By Carolyn Abdenour
Impunity Watch Reporter, Africa
ABIDJAN, Ivory Coast – On Friday, 19 August, the Ivorian government charged former President Laurent Gbagbo, 66, and his wife Simone Gbagbo, 62, with economic crimes including aggravated theft, damage to the national economy, misappropriation of public funds, and looting. Under current President Alassane Ouattara’s administration, officials arrested the couple in April after the five-month post-election dispute. This violence displaced 500,000 people and killed 3,000 people.
Since their arrest on 11 April 2011, the coupled lived under house arrest in separate cities in the northern part of the country. However, public prosecutor Koffi Kouadio Simplice reported officials charged and took Simone Gbagbo into custody on Tuesday before they charged Laurent Gbagbo on Thursday. Officials will transfer Simone Gbagbo to a prison in Odienné, the city where she lived under house arrest. Laurent Gbagbo will continue living under house arrest in Korhogo. This is the first time the Ivorian government stated the legal status of the couple since their arrest.
The BBC reports Laurent Gbagbo’s charges relate to his use of millions of dollars of state funds from the central bank while he attempted to retain power after the election. During the post-election struggle, the former president forcefully obtained control of the central bank’s local headquarters in addition to nationalizing foreign private banks.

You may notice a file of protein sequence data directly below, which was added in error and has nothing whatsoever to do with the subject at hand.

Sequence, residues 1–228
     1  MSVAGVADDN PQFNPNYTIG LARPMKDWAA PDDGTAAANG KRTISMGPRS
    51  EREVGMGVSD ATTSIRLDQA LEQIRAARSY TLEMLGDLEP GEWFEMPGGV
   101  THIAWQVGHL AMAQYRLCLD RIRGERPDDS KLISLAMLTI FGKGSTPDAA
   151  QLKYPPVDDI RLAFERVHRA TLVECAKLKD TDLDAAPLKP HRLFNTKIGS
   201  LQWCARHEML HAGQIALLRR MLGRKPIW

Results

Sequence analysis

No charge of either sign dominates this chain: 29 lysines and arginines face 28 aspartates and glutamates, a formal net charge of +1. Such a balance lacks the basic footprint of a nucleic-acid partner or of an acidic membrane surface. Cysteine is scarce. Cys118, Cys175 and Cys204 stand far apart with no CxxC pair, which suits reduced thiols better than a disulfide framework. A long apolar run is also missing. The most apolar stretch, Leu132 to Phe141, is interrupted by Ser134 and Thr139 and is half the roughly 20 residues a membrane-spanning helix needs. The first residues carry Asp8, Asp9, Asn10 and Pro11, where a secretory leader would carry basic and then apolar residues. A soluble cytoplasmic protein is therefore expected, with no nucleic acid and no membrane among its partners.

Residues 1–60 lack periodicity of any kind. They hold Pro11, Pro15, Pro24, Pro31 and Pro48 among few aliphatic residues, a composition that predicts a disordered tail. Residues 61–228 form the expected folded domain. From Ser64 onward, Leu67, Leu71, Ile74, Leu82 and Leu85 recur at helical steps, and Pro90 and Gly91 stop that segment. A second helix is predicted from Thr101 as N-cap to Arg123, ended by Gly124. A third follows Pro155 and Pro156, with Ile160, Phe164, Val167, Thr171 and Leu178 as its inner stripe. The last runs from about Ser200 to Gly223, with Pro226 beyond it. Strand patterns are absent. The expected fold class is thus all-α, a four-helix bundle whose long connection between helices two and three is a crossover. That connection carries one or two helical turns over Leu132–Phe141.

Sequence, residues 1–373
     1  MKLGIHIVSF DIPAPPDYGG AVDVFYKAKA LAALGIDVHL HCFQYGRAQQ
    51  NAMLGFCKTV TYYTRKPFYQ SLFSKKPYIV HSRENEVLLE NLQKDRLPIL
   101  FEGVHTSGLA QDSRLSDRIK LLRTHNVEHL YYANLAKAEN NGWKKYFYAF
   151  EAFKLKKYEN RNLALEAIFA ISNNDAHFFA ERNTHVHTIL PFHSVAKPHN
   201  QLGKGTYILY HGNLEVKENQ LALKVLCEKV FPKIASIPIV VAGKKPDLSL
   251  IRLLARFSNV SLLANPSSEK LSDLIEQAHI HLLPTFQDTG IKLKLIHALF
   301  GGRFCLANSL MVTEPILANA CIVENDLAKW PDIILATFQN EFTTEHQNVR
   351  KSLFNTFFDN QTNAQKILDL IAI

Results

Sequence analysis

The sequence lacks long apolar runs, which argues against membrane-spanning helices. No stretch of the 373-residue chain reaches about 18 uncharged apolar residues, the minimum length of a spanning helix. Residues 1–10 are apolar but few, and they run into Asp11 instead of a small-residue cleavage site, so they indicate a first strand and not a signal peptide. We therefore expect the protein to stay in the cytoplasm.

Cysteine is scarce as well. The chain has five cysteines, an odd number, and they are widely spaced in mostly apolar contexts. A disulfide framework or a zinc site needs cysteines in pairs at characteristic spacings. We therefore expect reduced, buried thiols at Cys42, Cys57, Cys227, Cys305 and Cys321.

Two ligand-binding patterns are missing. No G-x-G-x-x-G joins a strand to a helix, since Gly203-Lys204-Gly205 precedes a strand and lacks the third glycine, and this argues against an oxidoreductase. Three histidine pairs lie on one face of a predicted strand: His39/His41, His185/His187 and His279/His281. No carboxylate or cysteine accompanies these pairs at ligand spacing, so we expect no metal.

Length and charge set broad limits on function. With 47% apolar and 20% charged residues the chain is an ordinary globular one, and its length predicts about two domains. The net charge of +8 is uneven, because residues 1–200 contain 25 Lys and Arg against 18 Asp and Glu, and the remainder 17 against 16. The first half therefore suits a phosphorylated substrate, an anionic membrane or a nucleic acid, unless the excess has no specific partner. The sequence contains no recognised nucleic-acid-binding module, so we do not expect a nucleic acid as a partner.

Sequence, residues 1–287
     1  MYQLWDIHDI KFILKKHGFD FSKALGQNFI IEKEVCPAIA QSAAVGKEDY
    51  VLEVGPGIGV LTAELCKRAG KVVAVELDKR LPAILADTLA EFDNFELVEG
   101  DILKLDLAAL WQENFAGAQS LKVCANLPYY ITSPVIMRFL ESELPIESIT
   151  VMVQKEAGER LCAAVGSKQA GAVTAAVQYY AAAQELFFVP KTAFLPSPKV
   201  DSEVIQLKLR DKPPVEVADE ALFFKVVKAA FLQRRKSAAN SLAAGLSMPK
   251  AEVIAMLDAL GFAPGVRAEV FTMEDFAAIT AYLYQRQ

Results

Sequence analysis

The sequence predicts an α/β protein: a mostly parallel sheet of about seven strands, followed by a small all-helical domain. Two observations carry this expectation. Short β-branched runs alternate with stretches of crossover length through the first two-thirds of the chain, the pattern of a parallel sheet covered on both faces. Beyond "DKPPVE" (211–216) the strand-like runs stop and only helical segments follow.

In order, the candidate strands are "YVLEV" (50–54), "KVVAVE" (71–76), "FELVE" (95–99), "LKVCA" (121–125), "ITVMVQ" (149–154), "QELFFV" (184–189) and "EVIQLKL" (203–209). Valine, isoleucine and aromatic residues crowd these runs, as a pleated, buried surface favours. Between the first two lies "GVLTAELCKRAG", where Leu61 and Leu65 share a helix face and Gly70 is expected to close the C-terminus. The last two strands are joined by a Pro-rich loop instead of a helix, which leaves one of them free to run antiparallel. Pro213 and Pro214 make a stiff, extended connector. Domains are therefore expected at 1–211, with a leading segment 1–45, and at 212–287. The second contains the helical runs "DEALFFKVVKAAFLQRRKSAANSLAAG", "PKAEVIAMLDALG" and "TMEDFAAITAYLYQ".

Since the Ivorian government is only charging Laurent Gbagbo with economic crimes, the International Criminal Court (“ICC”) will be able to investigate the post-election violence if the judges accept Prosecutor Luis Moreno-Ocampo request. Prosecutor Ocampo has stated he also wants to investigate alleged crimes against humanity and war crimes that occurred during the post-election violence.
Mr. Kouadio stated the Ivorian justice system prefers the ICC prosecute the violence crimes. Mr. Bruno Koné, spokesman for the Ivorian government, stated the country “is not yet equipped to judge those kind of crimes”.
Previously, officials arrested and charged dozens of people who served under Laurent Gbagbo, including his son. Since the Ivorian government did not charge the couple for their crimes until now, human rights groups criticized the government for not charging them until months after their arrest. The United Nations also stated both political sides engaged in war crimes and crimes against humanity. Although President Ouattara enforces that participants in the violence on both political sides will face justice, he has not charged a member of his group for participating in the violence.
For further information, please see:
Nation – Gbagbo and wife charged with economic crimes – 19 Aug 2011
The Australian – Ex-Ivory Coast leader Laurent Gbagbo charged with ‘economic crimes’ – 19 Aug 2011
BBC – Ivory Coast conflict: Gbagbos face economic charges – 18 Aug 2011
Forbes – Ivory Coast’s ex-president charged with theft – 18 Aug 2011